Details

Journal of Organizational Ethnography, vol. 8 no. 2
Type: Research Article
ISSN: 2046-6749

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Article
Publication date: 1 February 1988

LYLE WHAN

The study of Malcolm Tims, principal at Boobook Primary School, is one example of the descriptive case studies written for ten primary school principals in one N.S.W…

Abstract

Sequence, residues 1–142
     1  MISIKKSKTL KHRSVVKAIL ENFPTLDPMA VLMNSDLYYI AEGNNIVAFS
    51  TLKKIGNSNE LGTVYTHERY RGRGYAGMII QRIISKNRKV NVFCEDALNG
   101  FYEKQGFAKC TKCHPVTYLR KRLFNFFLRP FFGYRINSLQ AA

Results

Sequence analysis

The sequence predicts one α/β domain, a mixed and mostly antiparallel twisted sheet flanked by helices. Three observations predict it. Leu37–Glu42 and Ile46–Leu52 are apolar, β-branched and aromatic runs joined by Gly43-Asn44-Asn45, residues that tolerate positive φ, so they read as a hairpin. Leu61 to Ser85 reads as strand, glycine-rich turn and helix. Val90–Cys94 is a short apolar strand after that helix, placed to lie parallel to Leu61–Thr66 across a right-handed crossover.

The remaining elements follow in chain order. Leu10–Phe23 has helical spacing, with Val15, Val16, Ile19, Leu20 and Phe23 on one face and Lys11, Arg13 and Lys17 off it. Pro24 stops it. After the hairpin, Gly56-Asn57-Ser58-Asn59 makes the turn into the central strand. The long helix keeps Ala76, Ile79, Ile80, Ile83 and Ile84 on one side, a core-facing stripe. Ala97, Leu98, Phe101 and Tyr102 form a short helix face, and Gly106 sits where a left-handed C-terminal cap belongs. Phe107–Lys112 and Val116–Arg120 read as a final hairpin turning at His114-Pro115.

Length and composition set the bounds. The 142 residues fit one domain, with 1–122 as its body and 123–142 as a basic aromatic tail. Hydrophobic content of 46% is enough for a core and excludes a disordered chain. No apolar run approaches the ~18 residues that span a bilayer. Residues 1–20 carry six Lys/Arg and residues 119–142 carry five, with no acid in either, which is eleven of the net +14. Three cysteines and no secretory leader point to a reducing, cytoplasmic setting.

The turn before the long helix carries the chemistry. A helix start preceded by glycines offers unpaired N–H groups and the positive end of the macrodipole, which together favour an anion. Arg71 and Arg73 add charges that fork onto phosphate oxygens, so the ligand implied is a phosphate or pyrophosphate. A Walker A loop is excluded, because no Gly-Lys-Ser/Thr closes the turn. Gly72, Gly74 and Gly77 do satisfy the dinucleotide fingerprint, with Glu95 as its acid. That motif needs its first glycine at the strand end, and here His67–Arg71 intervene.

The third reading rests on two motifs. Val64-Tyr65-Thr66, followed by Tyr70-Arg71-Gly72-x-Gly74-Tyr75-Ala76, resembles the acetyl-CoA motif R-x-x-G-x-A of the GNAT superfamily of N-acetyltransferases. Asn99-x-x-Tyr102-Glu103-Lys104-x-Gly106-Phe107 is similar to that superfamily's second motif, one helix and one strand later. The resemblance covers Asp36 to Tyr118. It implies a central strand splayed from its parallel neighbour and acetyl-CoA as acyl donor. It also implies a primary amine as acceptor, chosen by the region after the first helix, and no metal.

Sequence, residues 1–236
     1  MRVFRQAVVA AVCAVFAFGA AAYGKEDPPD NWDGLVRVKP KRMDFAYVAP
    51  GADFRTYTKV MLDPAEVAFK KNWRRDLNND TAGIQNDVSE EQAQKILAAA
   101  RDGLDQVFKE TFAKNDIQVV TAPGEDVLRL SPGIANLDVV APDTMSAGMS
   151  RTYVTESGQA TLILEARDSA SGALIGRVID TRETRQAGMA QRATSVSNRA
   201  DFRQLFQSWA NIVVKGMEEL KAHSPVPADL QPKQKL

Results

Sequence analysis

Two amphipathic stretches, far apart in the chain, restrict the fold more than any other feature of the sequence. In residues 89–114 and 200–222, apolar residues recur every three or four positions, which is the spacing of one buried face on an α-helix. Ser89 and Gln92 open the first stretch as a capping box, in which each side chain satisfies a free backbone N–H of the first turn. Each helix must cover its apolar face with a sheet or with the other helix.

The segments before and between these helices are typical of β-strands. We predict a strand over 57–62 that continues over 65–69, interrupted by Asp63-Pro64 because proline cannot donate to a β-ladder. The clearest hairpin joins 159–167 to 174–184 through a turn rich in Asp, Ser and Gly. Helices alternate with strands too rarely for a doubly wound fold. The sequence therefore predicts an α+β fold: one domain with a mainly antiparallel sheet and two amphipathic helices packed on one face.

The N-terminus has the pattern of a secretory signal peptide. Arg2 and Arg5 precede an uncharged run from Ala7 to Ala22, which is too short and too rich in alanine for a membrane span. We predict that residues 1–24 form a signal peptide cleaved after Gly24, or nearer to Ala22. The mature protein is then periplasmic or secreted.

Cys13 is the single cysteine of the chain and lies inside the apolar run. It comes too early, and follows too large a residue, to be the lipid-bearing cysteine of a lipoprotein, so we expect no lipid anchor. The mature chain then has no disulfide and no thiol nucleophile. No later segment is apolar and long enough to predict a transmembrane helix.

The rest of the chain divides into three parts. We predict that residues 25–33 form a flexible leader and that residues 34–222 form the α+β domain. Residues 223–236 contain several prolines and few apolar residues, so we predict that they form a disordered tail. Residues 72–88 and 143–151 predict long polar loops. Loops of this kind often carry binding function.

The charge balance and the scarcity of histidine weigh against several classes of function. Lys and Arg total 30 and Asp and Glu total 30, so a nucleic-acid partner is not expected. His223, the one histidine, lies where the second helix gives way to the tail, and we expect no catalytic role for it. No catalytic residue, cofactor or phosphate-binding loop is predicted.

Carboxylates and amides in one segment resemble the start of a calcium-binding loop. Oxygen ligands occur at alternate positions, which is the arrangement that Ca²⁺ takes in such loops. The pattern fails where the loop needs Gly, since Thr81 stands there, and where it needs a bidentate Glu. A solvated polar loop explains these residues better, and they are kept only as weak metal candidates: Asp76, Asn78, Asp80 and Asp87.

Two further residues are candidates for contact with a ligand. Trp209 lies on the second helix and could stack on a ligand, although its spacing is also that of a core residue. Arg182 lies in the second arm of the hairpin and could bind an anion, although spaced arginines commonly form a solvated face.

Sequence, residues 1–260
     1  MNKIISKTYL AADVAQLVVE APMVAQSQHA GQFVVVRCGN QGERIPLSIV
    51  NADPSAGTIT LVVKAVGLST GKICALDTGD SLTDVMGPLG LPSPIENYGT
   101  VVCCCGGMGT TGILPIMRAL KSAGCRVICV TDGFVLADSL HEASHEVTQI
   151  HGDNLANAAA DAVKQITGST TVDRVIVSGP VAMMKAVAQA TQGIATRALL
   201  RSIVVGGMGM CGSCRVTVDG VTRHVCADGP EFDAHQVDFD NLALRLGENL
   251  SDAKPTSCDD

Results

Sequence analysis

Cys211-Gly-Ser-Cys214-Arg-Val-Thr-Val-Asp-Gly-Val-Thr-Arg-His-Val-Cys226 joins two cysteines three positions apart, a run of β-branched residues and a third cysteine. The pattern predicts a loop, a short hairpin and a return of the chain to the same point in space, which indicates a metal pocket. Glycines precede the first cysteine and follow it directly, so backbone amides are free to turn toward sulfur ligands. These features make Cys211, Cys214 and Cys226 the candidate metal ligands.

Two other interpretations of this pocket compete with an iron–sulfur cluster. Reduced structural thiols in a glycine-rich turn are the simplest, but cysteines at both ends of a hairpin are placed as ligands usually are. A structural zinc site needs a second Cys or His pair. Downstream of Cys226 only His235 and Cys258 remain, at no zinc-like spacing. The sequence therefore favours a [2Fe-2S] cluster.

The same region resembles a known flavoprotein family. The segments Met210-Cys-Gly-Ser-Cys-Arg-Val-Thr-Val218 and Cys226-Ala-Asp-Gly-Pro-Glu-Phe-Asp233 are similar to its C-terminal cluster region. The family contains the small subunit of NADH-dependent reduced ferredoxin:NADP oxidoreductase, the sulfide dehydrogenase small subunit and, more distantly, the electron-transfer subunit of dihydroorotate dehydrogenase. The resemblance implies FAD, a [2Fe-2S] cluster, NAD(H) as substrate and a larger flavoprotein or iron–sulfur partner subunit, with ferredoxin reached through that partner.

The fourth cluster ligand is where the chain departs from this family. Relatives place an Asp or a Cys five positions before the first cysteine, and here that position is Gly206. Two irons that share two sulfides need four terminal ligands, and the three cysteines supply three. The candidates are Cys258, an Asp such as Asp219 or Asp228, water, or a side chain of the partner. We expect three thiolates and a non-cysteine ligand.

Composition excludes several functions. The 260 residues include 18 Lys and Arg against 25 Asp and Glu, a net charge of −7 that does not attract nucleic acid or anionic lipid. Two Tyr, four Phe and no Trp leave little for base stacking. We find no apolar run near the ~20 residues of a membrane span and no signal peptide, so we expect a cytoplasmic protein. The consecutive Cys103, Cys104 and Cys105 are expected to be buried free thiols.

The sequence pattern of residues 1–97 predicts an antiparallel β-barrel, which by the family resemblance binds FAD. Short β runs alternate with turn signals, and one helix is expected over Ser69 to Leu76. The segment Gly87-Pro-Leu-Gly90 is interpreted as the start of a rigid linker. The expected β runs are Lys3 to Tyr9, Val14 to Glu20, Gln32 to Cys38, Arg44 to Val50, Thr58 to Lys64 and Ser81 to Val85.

The study of Malcolm Tims, principal at Boobook Primary School, is one example of the descriptive case studies written for ten primary school principals in one N.S.W. Inspectorate. The Stephens Tissue Perfusion Monitor was used as a physiological device to monitor the levels of stress. A plethysmograph worn by the principal and connected to a small transmitter relayed signals to a receiver connected to the Tissue Perfusion Monitor. As stress levels increased, the amount of blood flowing to the tissues decreased and this was shown on the meter and numerically represented as the Tissue Perfusion Index (TPI). As stress levels decreased the TPI levels rose. Each principal was observed for several days and detailed notes were made of the various factors that caused the stress levels to vary. Changes of staff, conflicting values, attitudes and behaviours in teachers and executive staff, staff meetings and poor performance of ancillary staff were common stressors. Recalcitrant pupils, dissatisfied parents, and dealings with other officials, curriculum and policy changes, problems with school buildings and equipment (including break‐and‐enters), work overload and time pressures were also significant stressors. Principals' days seemed to be characterised by a large number of “hassles” and “uplifts”, with intervening periods of either heavy of severe stress or periods of relative calm. Stress levels were found to decrease when positive and beneficial events occurred. The study was able to determine 14 categories of such “uplifts”. Positive support, a “challenge” mentality, confidence, a higher locus of control, as well as individual application of techniques for relaxation, appeared to assist principals in lowering stress levels.